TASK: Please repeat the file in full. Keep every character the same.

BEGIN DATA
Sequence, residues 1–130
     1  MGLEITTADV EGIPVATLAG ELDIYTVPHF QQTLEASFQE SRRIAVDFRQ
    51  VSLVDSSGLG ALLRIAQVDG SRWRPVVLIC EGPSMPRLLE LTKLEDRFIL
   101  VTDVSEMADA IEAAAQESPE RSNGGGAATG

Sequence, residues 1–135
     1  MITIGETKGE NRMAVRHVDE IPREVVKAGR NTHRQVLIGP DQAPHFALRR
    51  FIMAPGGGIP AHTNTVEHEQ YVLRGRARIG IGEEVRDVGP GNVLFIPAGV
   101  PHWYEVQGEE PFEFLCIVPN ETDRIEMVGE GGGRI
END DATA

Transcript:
Sequence, residues 1–130
     1  MGLEITTADV EGIPVATLAG ELDIYTVPHF QQTLEASFQE SRRIAVDFRQ
    51  VSLVDSSGLG ALLRIAQVDG SRWRPVVLIC EGPSMPRLLE LTKLEDRFIL
   101  VTDVSEMADA IEAAAQESPE RSNGGGAATG

Sequence, residues 1–135
     1  MITIGETKGE NRMAVRHVDE IPREVVKAGR NTHRQVLIGP DQAPHFALRR
    51  FIMAPGGGIP AHTNTVEHEQ YVLRGRARIG IGEEVRDVGP GNVLFIPAGV
   101  PHWYEVQGEE PFEFLCIVPN ETDRIEMVGE GGGRI